- Forecasting snow and ice is complicated and can lead to changes in forecasts over time.
- Winter precipitation comes in many forms and conditions can change quickly.
- Understanding the difference between watches, warnings, and notices will help you know what to expect.
Forecasting winter weather can be tricky and can cause rapidly changing dangerous conditions, so it’s important to understand the nuances of all things winter so you can prepare for the worst.
With that in mind, here are five things to know about winter weather so you can be prepared.
Forecasts Evolve: Don’t Trust Snowfall Forecasts Several Days Away
When there’s a winter storm on the horizon everyone wants to know how much snow they’re going to get. However, the accuracy of snowfall forecasts more than a couple of days after the event is not very reliable.
Computer model forecasts can change several times a day as new data about the atmosphere is received. These changes can be significant. For example, long before a winter storm hits the Midwest, it could exist as a weather disturbance over the Pacific Ocean, an area for which we have little data. With less initial data, it is more difficult to predict the future track and intensity of any given storm.
So meteorologists examine multiple numerical models and their trends over time, using knowledge of each model’s strengths and biases. These forecasts tend to be more accurate than any single model forecast.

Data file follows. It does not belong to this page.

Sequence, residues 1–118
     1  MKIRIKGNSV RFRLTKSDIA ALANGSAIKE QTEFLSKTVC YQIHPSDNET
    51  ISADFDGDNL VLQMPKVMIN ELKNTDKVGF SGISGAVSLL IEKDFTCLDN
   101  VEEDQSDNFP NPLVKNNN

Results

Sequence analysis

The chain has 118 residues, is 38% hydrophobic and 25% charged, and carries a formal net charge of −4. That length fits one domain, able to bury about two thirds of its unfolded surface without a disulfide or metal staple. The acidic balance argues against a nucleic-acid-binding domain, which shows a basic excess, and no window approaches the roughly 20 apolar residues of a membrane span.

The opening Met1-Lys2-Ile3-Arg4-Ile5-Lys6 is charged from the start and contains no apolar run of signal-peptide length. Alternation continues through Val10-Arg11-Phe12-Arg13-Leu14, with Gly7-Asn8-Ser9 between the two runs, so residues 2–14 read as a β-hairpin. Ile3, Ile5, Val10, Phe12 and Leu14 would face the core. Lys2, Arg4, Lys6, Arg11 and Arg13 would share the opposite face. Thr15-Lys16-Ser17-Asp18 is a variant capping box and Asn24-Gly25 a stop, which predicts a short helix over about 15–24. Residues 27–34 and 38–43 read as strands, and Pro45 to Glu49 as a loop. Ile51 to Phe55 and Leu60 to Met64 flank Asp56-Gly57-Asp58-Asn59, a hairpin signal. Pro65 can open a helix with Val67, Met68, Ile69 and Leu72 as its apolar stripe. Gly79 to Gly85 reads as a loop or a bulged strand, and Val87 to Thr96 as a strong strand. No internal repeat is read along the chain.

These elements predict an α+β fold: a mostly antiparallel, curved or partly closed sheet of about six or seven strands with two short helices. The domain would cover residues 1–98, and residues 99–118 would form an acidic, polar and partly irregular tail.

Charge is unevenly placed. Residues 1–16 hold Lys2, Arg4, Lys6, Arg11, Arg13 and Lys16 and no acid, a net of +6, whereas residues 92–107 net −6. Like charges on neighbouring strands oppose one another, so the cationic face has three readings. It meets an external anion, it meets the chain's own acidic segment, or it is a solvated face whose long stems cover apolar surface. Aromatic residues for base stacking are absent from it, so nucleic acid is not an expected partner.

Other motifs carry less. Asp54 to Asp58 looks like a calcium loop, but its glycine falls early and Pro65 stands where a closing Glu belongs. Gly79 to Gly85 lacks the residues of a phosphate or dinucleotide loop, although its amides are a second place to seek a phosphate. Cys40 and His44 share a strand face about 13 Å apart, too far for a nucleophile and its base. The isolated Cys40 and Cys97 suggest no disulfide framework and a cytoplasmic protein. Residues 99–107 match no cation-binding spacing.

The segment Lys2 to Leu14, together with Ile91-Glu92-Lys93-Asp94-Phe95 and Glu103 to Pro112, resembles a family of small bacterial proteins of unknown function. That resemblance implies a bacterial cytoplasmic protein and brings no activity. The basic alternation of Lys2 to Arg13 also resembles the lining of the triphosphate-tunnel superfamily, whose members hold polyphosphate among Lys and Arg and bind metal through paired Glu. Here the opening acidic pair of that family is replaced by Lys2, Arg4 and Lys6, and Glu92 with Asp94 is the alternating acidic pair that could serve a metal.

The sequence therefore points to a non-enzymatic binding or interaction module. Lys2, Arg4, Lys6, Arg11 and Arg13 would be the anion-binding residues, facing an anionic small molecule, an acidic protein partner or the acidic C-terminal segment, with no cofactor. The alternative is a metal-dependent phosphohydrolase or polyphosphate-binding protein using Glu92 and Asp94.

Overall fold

The bottom line: Don’t take a first forecast of snow or ice as the final answer, and be sure to check for forecast updates as the potential winter event approaches.
Winter weather conditions can change quickly
Low pressure systems can quickly track across the US in the winter, causing rapid changes in conditions over a short period of time and distance.
The track of a system often determines the type of precipitation that falls at a particular location. The rain/snow line, for example, can be difficult to forecast and its location can change during the event.
Sometimes snow, sleet, or ice can fall earlier than expected if the system is moving faster than anticipated or the atmosphere is colder than originally expected.
In short-term forecasts, heavy snow flurries or snow showers may develop. The location of these squalls is difficult to determine in advance. Historically, snow flurries have contributed to major road accidents due to their brief but heavy snowfall rates that suddenly reduce visibility.
Snow shower warnings are issued by the NWS, so it is important to be able to receive these short-term warnings and pay attention to them.
Snowstorms can occur where there is no major, large-scale winter storm, including lake-effect snow events.
These lake effect snow events are known for rapid changes. The impacts of lake effect snow can be highly localized because the area experiencing heavy lake effect snow can be quite small. One place may see a foot or more of snow, while a few miles away there is no snow at all.
Another factor to consider when driving is that bridges and overpasses freeze faster and become very slippery before other road surfaces.
Even light snow can be dangerous. It is important not to focus on specific forecast snowfall amounts, but to consider potential impacts such as wind, ice, and precipitation intensity and duration.
What is freezing rain and sleet?
Determining the type of precipitation during an event can be very difficult as small changes in temperature can have big implications.
Sleet is frozen precipitation that falls in the form of ice granules and accumulates similar to snow. Freezing rain looks like rain, but it freezes when it comes in contact with roads, trees, power lines, and other structures.
Even a slight accumulation of freezing rain can create dangerous conditions. Significant quarter-inch accumulations of ice, often called ice storms, can cause widespread power outages, damage trees, and make roads impassable.